Low-level cloud cover in the tropics is thinning as the earth warms up – and threatening the world’s ability to meet the two-degree global warming target, new research has shown.
Low-level cloud cover has a cooling effect on the climate. Because this cloud cover is thinning out, the two-degree global warming target may be reached earlier than many models have predicted, new research has warned.
Determining how far the temperature rise is caused by greenhouse gas is known as climate sensitivity. Researchers from the Federal Institute of Technology in Zurich (ETH), who are behind the new findings, explained that climate sensitivity is a key parameter affecting climate projections and climate targets.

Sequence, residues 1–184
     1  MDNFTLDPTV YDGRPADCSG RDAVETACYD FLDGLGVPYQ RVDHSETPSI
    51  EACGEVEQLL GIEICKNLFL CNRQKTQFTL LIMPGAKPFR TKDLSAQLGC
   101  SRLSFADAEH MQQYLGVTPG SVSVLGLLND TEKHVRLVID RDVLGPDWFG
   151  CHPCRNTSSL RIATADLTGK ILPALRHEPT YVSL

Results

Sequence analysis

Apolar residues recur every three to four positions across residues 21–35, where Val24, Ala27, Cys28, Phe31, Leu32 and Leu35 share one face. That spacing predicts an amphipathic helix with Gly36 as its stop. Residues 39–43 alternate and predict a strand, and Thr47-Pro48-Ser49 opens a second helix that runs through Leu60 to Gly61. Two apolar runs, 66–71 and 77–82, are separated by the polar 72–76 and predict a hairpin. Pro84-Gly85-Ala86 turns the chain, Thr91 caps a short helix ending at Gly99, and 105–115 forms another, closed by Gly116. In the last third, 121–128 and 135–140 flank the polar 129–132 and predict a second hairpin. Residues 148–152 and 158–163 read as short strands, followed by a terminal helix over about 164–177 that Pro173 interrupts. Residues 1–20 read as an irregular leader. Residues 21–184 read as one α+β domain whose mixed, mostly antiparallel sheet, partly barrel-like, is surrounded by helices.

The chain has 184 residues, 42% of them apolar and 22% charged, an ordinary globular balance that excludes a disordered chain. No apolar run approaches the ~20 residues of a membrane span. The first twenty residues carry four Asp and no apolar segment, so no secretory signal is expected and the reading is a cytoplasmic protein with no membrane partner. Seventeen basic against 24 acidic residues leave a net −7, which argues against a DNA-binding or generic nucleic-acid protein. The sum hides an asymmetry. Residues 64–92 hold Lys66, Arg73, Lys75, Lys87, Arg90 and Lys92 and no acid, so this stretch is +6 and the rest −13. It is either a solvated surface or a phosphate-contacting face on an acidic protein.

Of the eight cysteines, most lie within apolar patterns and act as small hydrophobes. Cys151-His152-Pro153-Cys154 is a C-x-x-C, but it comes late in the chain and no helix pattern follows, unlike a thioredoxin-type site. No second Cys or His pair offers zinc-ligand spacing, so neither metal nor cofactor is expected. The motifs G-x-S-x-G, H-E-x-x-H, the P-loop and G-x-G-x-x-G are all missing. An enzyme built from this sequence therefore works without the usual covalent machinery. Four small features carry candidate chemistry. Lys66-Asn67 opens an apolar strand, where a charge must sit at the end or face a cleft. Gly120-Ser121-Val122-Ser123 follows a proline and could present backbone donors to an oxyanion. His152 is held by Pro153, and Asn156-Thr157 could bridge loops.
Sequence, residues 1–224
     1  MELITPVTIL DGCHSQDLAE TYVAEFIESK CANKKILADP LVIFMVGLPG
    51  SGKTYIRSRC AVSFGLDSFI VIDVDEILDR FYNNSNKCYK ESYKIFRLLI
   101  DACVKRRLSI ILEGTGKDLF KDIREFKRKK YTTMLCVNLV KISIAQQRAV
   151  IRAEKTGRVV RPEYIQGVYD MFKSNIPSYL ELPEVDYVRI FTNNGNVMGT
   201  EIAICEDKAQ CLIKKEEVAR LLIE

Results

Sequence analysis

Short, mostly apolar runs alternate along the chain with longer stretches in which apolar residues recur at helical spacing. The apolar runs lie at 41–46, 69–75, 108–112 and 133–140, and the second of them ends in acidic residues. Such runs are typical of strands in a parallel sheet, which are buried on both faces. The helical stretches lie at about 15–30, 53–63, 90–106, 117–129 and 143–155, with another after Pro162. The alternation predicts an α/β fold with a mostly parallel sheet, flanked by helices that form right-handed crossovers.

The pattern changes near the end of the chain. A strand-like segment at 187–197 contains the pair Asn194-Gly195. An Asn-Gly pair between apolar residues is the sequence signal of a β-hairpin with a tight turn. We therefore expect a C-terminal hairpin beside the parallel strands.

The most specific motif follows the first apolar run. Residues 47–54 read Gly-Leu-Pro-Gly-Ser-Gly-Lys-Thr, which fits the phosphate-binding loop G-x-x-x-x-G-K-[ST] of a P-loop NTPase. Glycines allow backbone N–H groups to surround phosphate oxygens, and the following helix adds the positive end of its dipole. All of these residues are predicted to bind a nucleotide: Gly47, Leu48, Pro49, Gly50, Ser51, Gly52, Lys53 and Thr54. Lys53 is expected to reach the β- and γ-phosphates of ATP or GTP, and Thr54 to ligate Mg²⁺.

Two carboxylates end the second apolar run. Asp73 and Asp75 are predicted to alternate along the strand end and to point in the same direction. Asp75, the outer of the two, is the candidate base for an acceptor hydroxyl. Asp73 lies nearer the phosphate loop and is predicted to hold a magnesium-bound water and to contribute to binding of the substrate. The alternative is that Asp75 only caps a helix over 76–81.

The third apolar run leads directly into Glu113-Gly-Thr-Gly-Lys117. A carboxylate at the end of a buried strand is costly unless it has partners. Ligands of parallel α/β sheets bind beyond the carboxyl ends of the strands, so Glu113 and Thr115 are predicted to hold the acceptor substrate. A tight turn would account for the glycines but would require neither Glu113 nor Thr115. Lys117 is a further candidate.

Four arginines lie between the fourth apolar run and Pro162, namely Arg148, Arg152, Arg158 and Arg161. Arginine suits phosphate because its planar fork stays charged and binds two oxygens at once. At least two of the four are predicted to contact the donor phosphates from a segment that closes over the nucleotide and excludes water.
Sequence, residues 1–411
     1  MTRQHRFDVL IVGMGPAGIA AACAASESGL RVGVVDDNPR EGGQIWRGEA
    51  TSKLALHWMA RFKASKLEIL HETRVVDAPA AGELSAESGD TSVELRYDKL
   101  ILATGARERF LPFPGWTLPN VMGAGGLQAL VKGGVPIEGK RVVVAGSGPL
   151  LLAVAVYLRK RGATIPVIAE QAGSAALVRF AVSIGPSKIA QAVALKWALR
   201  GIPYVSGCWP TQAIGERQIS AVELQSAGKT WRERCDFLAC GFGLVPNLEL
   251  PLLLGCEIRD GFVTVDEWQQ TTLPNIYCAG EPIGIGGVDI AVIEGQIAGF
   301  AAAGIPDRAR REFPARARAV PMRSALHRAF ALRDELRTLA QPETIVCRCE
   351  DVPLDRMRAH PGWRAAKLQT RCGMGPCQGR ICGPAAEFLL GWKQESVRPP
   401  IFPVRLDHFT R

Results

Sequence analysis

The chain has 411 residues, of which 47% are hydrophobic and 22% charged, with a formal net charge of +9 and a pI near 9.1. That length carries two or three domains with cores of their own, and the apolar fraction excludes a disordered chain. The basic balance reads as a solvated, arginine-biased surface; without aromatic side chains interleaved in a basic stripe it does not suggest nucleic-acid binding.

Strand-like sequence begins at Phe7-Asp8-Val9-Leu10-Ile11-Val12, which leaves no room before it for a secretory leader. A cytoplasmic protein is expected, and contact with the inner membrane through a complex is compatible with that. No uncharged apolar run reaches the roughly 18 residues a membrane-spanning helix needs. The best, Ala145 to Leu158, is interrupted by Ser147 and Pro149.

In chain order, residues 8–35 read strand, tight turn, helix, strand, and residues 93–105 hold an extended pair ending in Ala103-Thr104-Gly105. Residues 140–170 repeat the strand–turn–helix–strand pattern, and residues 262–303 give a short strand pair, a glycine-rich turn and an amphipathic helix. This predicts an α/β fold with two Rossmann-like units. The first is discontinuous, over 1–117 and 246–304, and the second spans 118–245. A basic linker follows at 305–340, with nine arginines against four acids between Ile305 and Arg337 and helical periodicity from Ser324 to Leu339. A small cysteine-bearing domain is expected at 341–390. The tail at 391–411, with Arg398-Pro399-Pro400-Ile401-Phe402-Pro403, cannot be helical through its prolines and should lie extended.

“It’s very unlikely that the climate sensitivity is less than 2.3 degrees Celsius,” explained Tapio Schneider of the ETH. “Climate sensitivity is more likely situated in the upper half of previous estimates, probably around four degrees.”
To reach this estimate, the scientists evaluated a large quantity of satellite data from the past 15 years. The satellites, which continuously measure how much sunlight is reflected from the earth back into space, revealed that in the past, there were fewer low-lying clouds in warmer years than in colder years.
The researchers used this new information to evaluate the quality of around 30 current climate models, finding that almost all were consistent with the observational data – and all the models that matched the observational data also had a climate sensitivity of at least 2.3 degrees Celsius.
As a result, the threshold of two degrees warming that countries committed not to exceed in the Paris Agreement may be reached earlier than anticipated, warned the ETH.
Photo credit: Glen Malley/ CC BY-NC-ND 2.0